BEIJING: China has called for an end to attacks on civilian vessels in the Red Sea that have dramatically widened the Hamas-Israel conflict and placed Beijing’s commercial interests along the Suez Canal at risk.
The Iran-backed Houthi militia from Yemen that seeks “Death to Israel” is challenging the ability of the world’s biggest trading nation to defend billions in strategic investments in Egypt.
Since President Abdel-Fattah el-Sisi came to power in 2014, China has stepped up its investment and commercial activities along Egypt’s Suez Canal, through which a significant amount of the Asian giant’s West-bound goods flow.
INVESTMENT AND TRADE
Beijing has encouraged state-owned companies to invest tens of billions in Egypt’s logistics, transport and energy sectors, data from the American Enterprise Institute (AEI) think tank shows, and has extended US$3.1 billion in loans, according to the World Bank.
And in the months leading up to Hamas’ Oct 7 attack on Israel alone, firms from China and Hong Kong pledged at least US$20 billion in various projects along Egypt’s arterial waterway.
Attacks deterring commercial shipping from the Red Sea and Suez Canal could frustrate Chinese investors who have committed huge sums to the waterway’s development to profit from their safe passage.
State-owned shipping giant COSCO, which on Jan 7 joined Maersk, Hapag-Lloyd, Evergreen, and other major shipping lines in suspending services to Israel, last March invested US$1 billion in Egypt’s port infrastructure, according to the AEI.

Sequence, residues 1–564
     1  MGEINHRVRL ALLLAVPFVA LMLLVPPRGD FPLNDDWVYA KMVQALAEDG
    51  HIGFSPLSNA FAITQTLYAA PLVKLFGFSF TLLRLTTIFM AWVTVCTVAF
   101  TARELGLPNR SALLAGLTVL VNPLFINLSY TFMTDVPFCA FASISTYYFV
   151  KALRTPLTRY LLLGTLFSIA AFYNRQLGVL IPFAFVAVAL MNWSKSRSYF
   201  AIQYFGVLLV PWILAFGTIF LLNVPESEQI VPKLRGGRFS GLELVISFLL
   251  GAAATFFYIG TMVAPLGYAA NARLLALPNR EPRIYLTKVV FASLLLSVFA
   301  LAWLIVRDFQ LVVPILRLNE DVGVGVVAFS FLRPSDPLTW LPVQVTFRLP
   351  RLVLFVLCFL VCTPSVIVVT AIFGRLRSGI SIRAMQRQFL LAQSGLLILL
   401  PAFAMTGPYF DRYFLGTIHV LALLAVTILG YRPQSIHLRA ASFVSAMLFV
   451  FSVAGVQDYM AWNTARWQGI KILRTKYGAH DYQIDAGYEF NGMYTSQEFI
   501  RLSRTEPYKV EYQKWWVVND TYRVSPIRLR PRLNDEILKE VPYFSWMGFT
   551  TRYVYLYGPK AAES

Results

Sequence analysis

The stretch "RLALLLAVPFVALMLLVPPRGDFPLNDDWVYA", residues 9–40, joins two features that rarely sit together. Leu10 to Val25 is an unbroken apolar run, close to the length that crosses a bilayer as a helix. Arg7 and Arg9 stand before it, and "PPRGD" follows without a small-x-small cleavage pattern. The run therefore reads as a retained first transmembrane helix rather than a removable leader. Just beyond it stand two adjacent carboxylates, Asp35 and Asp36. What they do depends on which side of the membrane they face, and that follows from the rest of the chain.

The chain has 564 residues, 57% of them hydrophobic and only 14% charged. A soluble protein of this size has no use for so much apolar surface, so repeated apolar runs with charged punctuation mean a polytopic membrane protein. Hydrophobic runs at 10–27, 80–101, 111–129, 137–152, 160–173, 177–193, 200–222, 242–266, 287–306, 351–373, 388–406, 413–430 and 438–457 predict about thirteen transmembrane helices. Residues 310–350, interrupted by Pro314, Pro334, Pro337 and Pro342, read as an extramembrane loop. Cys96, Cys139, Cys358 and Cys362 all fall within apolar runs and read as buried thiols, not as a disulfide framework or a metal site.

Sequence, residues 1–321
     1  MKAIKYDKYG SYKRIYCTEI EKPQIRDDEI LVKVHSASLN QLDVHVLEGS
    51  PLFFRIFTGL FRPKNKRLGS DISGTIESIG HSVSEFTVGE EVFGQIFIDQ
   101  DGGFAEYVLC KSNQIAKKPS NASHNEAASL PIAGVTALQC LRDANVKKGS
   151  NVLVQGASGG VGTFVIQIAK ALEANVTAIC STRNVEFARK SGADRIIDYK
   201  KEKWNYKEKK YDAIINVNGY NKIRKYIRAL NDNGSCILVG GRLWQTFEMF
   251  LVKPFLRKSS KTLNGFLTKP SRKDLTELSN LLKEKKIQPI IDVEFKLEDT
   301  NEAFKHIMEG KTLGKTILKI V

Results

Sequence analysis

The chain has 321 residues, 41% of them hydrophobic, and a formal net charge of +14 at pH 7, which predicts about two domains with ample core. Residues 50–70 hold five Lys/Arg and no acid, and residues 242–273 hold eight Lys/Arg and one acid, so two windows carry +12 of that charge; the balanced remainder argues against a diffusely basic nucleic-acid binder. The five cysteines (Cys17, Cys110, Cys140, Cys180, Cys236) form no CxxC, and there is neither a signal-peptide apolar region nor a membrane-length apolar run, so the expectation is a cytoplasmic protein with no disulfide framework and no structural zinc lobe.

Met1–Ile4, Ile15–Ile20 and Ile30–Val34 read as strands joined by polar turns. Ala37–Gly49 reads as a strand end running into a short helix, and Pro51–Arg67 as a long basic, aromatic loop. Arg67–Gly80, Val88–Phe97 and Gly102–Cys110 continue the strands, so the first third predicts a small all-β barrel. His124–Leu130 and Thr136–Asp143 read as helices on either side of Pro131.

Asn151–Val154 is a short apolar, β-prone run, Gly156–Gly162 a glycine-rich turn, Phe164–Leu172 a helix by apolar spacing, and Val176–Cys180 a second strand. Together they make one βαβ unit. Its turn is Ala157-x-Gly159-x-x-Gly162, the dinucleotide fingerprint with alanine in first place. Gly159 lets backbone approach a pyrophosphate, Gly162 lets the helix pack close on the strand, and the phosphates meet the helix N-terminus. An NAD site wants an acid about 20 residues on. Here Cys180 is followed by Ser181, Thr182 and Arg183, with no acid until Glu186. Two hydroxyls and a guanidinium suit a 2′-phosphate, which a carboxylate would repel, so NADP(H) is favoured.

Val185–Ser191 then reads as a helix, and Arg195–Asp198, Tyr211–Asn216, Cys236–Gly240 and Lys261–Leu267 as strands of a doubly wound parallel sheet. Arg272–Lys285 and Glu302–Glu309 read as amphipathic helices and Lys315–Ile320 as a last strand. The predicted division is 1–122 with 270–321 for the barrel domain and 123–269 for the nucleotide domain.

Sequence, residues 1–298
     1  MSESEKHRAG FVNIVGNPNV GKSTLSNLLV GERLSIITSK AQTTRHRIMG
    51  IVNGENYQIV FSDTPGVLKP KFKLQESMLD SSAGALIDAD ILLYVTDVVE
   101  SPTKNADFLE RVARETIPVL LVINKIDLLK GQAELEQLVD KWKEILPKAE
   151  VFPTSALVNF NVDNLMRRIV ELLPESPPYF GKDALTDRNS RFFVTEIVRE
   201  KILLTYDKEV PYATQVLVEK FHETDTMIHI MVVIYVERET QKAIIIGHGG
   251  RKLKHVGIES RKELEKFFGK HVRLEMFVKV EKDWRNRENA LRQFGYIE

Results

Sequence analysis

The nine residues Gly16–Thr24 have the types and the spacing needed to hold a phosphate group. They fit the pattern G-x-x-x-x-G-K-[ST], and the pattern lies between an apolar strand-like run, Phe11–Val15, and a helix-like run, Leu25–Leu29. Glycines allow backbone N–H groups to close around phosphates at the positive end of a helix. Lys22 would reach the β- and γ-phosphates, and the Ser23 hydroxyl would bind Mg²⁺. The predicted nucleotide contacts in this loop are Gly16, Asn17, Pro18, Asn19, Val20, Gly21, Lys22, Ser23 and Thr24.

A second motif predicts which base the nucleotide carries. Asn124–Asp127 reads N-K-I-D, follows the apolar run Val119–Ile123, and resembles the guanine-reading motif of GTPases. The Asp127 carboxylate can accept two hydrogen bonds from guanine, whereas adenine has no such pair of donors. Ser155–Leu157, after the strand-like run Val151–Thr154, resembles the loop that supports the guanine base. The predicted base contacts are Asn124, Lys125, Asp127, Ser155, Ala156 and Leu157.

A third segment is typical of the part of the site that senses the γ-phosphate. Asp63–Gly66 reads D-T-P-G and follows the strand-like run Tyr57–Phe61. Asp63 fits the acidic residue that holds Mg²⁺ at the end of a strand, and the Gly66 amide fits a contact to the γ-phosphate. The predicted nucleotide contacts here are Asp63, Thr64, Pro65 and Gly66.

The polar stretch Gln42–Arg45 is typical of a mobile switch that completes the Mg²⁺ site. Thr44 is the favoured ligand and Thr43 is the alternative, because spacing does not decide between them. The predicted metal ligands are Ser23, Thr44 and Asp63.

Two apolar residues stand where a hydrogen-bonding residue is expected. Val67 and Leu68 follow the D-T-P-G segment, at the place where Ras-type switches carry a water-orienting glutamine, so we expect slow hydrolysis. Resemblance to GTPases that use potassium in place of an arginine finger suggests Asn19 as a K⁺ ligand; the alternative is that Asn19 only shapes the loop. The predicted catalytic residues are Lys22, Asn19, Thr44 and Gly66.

COSCO was joined by CK Hutchison Holdings, a prominent Hong Kong-based congolomerate, which in March announced plans to put up a further US$700 million to develop a new container terminal in the Red Sea port of Ain Sokhna and in B100, a new container terminal in the Mediterranean port of Alexandria.
That same month, demonstrating China’s broader commercial interests in Egypt as a link between Asia and Mediterranean and European markets, Xinxing Ductile Iron Pipes made known plans to invest US$2 billion in iron and steel plants, also in Ain Sokhna.
And in October, Egypt’s Suez Canal Economic Zone struck a US$6.75 billion deal with state-owned China Energy to develop green ammonia and green hydrogen projects in the Sokhna Industrial Zone, as well as a US$8 billion agreement with Hong Kong-listed United Energy Group to establish a potassium chloride production site.